The only potential weakness in the theory is that it would rely on drones dying in the cells. Otherwise mite numbers would just continue to increase ad infinitum until the hive was overun.
But anyhow the idea is definately worth testing & I'd encourage anyone else who can, to try some tests also and report back, to provide some more data.
I pretty much have to check for mites in June if I want to see any... but if you start with very low numbers and the spike in June and fall off then you have few at the beginning again. I have them inspected every year and only if I have them inspected late does the inspector find any. Which is consistent with my experience as well.
Inspection certificates since 2004:
I'm on the other side of the world from you. Different seasons.
Do you have brood through the winter?
>Do you have brood through the winter?
Some of the time. They tend to raise a little patch and then they take a break and then raise another little patch up until pollen starts coming in.
The whole measuring head and thorax thing was to address the contention that in the smaller cells the pupae size restricted movement of the male mite, who was therefore unable to feed. The study suggests that the size difference would not have created sufficient restriction.
I do think the size may be important. Bee size is genetic. I have any number of traditional cell hives that have bees of widely varying size. Some quite small and many of their sisters large. Yet I’ve often heard small cell beekeepers talk about their noticeably smaller bees. I regressed a number of hives some years ago and I was unable to see any difference in bee size . Based on Seeley’s head and thorax measurements (they evidently didn’t measure abdominal size), the size difference on sc was around 2 – 3%. To my way of thinking, assuming that the same percentage applies to the abdomen, this would not be a visible difference….certainly not enough for a beekeeper to talk about his little bees.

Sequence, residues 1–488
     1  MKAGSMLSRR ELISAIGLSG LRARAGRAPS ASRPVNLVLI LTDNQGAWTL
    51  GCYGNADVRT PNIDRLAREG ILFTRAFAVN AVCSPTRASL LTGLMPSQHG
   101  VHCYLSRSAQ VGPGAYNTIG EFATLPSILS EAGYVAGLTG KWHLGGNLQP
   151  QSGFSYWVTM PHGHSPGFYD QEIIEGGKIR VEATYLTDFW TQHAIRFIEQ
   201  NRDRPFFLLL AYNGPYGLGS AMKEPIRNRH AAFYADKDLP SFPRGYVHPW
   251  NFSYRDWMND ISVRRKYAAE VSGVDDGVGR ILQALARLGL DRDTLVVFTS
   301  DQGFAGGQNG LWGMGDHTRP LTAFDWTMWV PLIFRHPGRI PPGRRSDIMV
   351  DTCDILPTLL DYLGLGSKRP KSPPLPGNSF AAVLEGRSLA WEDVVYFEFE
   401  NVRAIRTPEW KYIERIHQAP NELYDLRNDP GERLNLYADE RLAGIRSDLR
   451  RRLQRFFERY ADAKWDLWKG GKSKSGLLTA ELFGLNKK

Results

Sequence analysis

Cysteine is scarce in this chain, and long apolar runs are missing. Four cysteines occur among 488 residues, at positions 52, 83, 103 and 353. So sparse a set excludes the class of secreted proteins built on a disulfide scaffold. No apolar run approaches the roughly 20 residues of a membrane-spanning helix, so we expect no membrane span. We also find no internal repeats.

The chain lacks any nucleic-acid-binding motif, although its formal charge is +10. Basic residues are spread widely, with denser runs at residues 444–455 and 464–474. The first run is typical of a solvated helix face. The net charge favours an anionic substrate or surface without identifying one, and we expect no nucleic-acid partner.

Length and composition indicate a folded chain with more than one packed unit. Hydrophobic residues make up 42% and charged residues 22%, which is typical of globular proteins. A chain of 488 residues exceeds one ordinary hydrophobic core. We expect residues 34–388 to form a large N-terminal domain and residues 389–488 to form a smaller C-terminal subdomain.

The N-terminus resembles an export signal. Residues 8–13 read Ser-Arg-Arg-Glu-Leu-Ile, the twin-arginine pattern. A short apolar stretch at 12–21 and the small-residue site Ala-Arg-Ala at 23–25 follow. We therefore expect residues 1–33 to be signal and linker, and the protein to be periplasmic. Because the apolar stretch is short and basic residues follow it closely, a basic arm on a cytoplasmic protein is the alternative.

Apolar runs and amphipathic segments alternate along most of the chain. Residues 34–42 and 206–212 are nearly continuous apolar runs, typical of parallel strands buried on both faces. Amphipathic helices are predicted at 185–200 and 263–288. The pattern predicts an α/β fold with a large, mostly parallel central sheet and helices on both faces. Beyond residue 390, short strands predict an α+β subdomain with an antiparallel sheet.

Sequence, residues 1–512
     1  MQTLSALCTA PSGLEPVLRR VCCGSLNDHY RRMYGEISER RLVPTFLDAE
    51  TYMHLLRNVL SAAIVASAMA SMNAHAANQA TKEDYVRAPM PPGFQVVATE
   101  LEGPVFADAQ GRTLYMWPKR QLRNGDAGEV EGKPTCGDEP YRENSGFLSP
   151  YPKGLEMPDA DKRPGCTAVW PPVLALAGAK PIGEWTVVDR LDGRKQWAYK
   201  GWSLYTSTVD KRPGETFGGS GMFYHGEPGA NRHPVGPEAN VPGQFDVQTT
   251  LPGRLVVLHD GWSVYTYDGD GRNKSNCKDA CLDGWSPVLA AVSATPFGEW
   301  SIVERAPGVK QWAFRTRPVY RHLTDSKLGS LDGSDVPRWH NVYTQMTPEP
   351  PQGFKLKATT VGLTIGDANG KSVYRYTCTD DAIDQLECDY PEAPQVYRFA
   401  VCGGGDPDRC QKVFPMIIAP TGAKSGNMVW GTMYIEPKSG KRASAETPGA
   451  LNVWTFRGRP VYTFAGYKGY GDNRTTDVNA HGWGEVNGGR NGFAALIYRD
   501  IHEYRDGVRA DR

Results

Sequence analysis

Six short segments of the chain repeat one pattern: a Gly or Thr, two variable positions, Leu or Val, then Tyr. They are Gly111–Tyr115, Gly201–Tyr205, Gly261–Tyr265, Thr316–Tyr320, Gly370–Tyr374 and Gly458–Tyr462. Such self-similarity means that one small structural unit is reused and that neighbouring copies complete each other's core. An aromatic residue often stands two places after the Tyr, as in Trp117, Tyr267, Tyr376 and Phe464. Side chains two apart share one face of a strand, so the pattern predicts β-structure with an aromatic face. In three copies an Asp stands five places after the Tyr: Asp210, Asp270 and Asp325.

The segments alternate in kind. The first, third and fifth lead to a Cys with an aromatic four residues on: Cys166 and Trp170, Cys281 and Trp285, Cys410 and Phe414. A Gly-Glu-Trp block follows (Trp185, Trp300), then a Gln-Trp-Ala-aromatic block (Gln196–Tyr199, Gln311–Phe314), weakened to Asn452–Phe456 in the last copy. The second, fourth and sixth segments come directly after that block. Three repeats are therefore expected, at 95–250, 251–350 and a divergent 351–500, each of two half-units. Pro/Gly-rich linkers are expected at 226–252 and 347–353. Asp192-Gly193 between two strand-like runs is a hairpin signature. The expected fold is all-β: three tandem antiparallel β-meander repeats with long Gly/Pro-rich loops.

Dennis Murrel (sp?), Kirk Webster and even Dee Lusby have spoken of a major collapse before becoming successful with sc. So, is it possible that during the conversion to small cell, following the collapse, the only bees that will be successful are the genetically smaller bees and that those bees, as a result of their reduced size have a shorter pupation period? And were this the case, would those same genetically smaller bees fare just as well on traditional cell? It is simply that the sc beekeepers forced out the larger bees.
Just one of my pet theories.
I know I won't be missed but must go....and likely won't be back before next week....
Sclerotized parts of insect exoskeleton don't change size. The width of the head remains the same throughout adulthood for insects. Same is true for hard parts of the thorax and abdomen. The width of the first abdominal tergite is the same from the first day after exclusion to the last. I think the argument about measurements is a digression from this discussion.